Writing Them to Life (or: The Complexity of Character)

You take people, you put them on a journey, you give them peril, you find out who they really are.

~Joss Whedon

Artist: johnhain (Pixabay)

It all begins with the faint early tingles of a story idea creeping through my brain.

When that “spark” turns out to be a fantasy/speculative fiction idea that requires extensive world-building, the work begins. Through that planning and building process, as mentioned in my previous post, I learn the context for how my characters are going to live, interact with each other, and move their way through the world.

But without the characters, you have an empty landscape.

It’s as if they are reading over my shoulder, as I fill pages and pages of Google Docs with the geography and culture and systems of government within their world. They frown and shake their heads when I sketch costumes that are impractical for their trade or daily lives. I feel them rolling their eyes behind me when I write conversations on their behalf: words and statements that ring false, dialogue you’d never ever hear uttered from their mouths.

And suddenly, here we all are. Me, and the fictional people in my head.

I’m sure other writers relate to this, to some extent, although I can’t be sure to what extremes they take it. On the surface, at best it seems a little eccentric. Prior to writing the fundamental bones of the story, I spend quite a bit of time thinking about the people in it, as if they are living, breathing people who live actual lives when I’m not writing about them.

There are many different schools of thought, regarding Character Development; the art of creating characters people empathize with and whose journeys they want to follow. I, for one, start with one general rule, once I have the idea for the story roughly sketched out in the world I’ve painted. I get to know my protagonist first. There are many tools one can use to accomplish this; my favorite is the official National Novel Writing Month Character Questionnaire. Completing this exercise gets you thinking about how your protagonist grew up within the world you’ve created, prior to the events of the story you’re writing. It gets you thinking about what formative events shaped the personality traits you envision for them, and clues you in on what they might say or do in future situations (i.e. plot twists and obstacles). It helps you understand what they want, what their future aspirations are, which also shape their behavior.

My next step is to get to know my primary antagonist. The villain. The bad guy. The person (if it is a person) that adversely and actively acts as a foil to your protagonist, yet needs to be a fully realized and complex person/nonperson in his/her/its own right (this last point is extreeeemely important. Important enough to warrant a separate blog post). If there is no conflict in the story, it is difficult for that story to go anywhere or for your protagonist to experience personal growth, and for me it is more interesting to have that conflict stem from another vibrantly real and complex individual (although it is possible to create conflict without a villain… yet another blog topic for another day).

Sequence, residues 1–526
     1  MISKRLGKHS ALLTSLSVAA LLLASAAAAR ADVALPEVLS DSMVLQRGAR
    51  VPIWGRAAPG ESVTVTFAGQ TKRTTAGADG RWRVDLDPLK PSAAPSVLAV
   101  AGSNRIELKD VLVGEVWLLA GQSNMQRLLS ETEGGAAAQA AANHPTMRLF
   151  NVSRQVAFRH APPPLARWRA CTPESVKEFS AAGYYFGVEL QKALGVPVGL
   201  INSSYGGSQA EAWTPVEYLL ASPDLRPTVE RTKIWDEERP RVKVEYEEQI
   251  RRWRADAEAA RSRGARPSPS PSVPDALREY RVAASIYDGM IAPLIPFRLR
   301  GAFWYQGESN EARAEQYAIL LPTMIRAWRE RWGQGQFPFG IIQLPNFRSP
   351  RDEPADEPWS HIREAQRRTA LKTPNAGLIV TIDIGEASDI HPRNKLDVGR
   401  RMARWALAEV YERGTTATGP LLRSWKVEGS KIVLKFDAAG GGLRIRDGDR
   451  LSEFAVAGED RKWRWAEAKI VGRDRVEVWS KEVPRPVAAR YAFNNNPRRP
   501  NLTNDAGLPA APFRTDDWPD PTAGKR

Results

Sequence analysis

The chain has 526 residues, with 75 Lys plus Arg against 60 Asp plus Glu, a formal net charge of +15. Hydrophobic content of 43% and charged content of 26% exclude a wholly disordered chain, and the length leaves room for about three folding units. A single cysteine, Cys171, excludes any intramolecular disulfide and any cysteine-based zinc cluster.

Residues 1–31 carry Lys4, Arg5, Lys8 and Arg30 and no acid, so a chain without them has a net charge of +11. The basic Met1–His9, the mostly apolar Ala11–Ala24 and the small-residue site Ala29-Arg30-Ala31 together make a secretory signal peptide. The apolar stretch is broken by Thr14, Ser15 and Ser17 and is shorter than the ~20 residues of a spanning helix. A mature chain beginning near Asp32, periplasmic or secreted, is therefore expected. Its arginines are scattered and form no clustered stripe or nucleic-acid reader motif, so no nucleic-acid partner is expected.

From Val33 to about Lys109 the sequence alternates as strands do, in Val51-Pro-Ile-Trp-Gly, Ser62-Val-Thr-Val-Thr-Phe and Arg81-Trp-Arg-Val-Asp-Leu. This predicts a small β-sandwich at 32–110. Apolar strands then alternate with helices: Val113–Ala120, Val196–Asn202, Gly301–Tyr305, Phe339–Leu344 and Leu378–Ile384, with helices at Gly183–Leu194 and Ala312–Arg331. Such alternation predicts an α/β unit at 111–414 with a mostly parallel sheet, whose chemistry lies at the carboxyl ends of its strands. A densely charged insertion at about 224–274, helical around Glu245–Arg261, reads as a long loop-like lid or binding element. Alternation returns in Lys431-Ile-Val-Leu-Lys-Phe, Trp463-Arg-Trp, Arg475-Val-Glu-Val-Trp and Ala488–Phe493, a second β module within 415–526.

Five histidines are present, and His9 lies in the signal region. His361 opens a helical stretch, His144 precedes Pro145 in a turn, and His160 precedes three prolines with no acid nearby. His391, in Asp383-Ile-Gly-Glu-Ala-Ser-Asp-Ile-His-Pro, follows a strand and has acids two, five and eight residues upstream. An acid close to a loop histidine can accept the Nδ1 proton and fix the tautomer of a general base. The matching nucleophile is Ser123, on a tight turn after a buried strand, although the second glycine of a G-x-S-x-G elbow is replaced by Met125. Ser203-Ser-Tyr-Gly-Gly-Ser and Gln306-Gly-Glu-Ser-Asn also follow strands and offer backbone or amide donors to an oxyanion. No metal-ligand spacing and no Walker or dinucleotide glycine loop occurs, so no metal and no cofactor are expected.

Next, I think about secondary characters. These are the supportive characters who know, are related to, are subservient to, have power over, are in love with, and/or despise the protagonist and/or the antagonist. They, too, need to have well-rounded backstories and motivations, even if not everything is alluded to in detail as the story is being written. Using character development tools for even minor characters will prevent them from reading one-dimensional on the page. Readers can absolutely pick up on characters who are plot devices, who exist merely to propel the plot forward. They receive a couple of pages (or even paragraphs) of exposition or action, their literary “15 minutes in the spotlight” and then they disappear into the depths of the plot and are not heard from again. Give these folks more credit, if you can. Especially if they create what I call “relevant complexity” within the narrative by bringing their own influence, advice, experience, hubris, perspectives, prejudices, and motives to light.

As with world-building, your readers might never see the full Character Development profiles you’ve so painstakingly crafted for your characters. They might never know the full background and exploits of Character A’s history as a notorious pirate, but they will know enough to understand why Character A has acquired so much wealth, and why the authorities are after him, why he hates storms, and why he avoids a certain port on a certain island. The more time we spend with our characters, the more details we flesh out… and the more details we know, the more we treat them as real people. Real people, with real motivations, with whom readers can empathize. Real people to admire or detest, but always to learn from, and – on some level – understand.

And when I do reach the point of understanding them, the people in my story, they become anchors. If delving into their world is my entry-point into the story, the characters I meet along the way keep me grounded there.

And along the way, I start to understand that the story is no longer, and probably was never, mine.

It is theirs.

 


Become a Patron, and unlock additional content! View the Character Profile for one of the main Stormriders protagonists… meet Ben Corley.


This is the third post in a 4-part series about The Big Magical Process of Making Words Happen (According to This Author).

Part 4: Our Journey Begins Now, But How? (or: To Plot or Not to Plot)


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The art of being happily alone, a “Stormriders” update, and some other miscellany.

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No Internets mean much writings.